To pre-fund TRS-Care, we must look toward the annually required contribution (ARC) funding sources. These are the contributions from the state, school districts and active education employees. Essentially, these are all the funding sources helping support TRS-Care besides the retiree premiums (premiums will be discussed a bit further into this explanation). Combining all of those contributions together, the current percentage of payroll being contributed to TRS-Care is 2.20% (1.0% from the state, .55% from the school districts, and .65% from the active employees).

By state law, retiree contributions (this includes premiums and co-pays) must account for no less than 30% of the cost of the program. Right now, retirees contribute approximately 37.8% to the total cost of the program. The state’s contributions account for 23% of the cost of the program, the school districts’ contributions account for 13.3%, and the active employees’ contributions account for 14.9%.

In TRS-Care Sustainability Study Option 1, TRS is assuming that retirees will continue to pay at least 30% of the cost of the program with their premiums and co-pays.

The Legislature has typically considered active employee contributions to the pension fund or to retiree health care separate from employer contributions (a combined view of state and school district contributions). With this consideration in mind, it is assumed that an increase in active employee contributions (.65%) in a revised pre-funded ARC may not happen. Active member contributions to TRS-Care would remain the same at .65% in this model.

That leaves the state and school district contributions (which equals 1.55%) available for increased contribution amounts for the new ARC. These contribution levels would need to increase to 5.21% (an increase of 3.66%) to pre-fund the TRS-Care liability.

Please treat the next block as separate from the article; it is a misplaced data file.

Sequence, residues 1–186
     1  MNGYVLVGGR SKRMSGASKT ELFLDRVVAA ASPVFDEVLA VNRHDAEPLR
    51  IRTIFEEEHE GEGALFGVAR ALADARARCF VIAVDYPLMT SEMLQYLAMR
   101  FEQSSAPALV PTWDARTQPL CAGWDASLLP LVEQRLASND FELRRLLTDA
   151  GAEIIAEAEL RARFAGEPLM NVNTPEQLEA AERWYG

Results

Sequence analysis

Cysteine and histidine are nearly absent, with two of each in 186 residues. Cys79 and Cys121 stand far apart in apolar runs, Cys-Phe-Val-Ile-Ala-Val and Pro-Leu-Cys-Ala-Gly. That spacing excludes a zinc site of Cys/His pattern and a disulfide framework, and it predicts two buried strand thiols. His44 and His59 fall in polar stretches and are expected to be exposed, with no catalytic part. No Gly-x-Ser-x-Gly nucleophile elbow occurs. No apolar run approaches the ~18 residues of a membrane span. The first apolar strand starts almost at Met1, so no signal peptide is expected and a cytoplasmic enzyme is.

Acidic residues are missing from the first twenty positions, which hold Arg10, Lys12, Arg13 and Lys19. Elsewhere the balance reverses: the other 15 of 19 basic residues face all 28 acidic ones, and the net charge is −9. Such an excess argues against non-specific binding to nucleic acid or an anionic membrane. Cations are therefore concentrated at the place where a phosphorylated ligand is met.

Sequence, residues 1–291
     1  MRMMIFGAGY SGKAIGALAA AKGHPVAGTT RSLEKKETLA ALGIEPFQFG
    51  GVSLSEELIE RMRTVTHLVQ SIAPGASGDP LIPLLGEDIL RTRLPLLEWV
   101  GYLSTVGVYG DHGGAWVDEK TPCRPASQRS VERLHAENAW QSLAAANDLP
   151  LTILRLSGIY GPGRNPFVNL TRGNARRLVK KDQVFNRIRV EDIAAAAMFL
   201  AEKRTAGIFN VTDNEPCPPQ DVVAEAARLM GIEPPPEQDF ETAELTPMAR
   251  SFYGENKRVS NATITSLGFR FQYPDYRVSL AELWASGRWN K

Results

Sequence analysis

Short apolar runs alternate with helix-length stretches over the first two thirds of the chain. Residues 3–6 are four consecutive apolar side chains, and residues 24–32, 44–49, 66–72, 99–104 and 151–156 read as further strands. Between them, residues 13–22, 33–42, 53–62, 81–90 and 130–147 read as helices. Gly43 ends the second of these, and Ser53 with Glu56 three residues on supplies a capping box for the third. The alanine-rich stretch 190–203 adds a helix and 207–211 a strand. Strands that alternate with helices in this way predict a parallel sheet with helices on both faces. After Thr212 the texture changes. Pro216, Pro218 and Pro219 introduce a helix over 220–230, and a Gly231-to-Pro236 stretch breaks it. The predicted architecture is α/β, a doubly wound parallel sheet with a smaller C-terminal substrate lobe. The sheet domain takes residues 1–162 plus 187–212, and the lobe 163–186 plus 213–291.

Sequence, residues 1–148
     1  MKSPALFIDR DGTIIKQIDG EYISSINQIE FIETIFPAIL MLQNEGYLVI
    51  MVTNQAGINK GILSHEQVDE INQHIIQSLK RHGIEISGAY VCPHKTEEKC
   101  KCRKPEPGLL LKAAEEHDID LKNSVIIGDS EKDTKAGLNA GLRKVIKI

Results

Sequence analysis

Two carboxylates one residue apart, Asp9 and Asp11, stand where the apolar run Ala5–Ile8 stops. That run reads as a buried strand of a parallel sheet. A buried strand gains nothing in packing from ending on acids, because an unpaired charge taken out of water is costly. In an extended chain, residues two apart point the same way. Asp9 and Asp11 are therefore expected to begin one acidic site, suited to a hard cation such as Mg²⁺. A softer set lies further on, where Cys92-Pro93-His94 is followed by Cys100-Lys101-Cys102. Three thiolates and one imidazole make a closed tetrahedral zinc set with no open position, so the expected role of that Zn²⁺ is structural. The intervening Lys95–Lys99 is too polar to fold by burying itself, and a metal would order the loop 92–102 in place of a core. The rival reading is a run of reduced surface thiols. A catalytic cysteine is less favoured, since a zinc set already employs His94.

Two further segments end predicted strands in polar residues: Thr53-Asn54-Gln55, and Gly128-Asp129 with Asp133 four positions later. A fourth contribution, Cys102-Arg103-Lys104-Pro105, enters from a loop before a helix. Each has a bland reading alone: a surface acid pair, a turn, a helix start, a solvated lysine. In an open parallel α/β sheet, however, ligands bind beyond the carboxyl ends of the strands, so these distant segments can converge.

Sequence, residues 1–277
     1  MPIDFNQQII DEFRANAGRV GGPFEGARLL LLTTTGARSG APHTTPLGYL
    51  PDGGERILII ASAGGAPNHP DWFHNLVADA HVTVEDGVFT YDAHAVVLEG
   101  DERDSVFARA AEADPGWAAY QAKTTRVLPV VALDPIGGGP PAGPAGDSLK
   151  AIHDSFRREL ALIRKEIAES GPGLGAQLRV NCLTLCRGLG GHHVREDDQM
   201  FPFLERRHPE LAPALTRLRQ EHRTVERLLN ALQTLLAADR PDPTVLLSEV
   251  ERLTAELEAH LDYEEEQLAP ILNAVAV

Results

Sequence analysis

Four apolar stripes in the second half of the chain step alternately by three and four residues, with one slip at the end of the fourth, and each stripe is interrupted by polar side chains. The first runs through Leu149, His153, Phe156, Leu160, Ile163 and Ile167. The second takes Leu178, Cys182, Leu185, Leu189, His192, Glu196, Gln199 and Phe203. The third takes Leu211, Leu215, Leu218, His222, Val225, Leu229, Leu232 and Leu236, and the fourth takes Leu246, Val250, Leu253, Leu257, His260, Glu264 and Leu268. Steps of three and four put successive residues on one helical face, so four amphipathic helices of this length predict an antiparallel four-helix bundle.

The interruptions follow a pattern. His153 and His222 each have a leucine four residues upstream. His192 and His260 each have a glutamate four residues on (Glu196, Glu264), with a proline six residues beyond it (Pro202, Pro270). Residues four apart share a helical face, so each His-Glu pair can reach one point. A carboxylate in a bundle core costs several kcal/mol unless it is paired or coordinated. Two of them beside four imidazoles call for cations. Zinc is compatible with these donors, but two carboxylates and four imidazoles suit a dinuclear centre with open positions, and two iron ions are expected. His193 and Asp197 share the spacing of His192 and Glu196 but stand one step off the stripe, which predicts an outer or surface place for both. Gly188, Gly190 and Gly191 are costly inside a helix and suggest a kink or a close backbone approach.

This number is based on projections for TRS-Care from the fiscal year ending 2013. Please bear in mind that the program’s funding has already been established for 2014 and 2015, so the ARC would most likely need to be increased even more to adequately pre-fund TRS-Care from 2016 and forward.

The Cost to Pre-fund TRS-Care

The monetary amounts associated with these percentages are eye-opening. Right now, 1% of payroll is approximately $285 million. An extra 3.66% equals $1.043 billion! Because these figures are based on 2013 projections and do not include projections for 2014 and 2015, it may be necessary to estimate that an additional $1 billion for each year of the current biennium is needed to help TRS-Care catch up.

Without the extra $2 billion in funding for 2014 and 2015, the 5.21% mentioned earlier will likely increase to at least 6%, and the higher percentage of 6% would continue to increase for the foreseeable future to properly pre-fund the program. If we look at this like a mortgage, this is similar to saying the interest rate for the state and school districts just to make their mortgage payment is closer to 6% and a far cry from the current combined “payment” of 1.55%.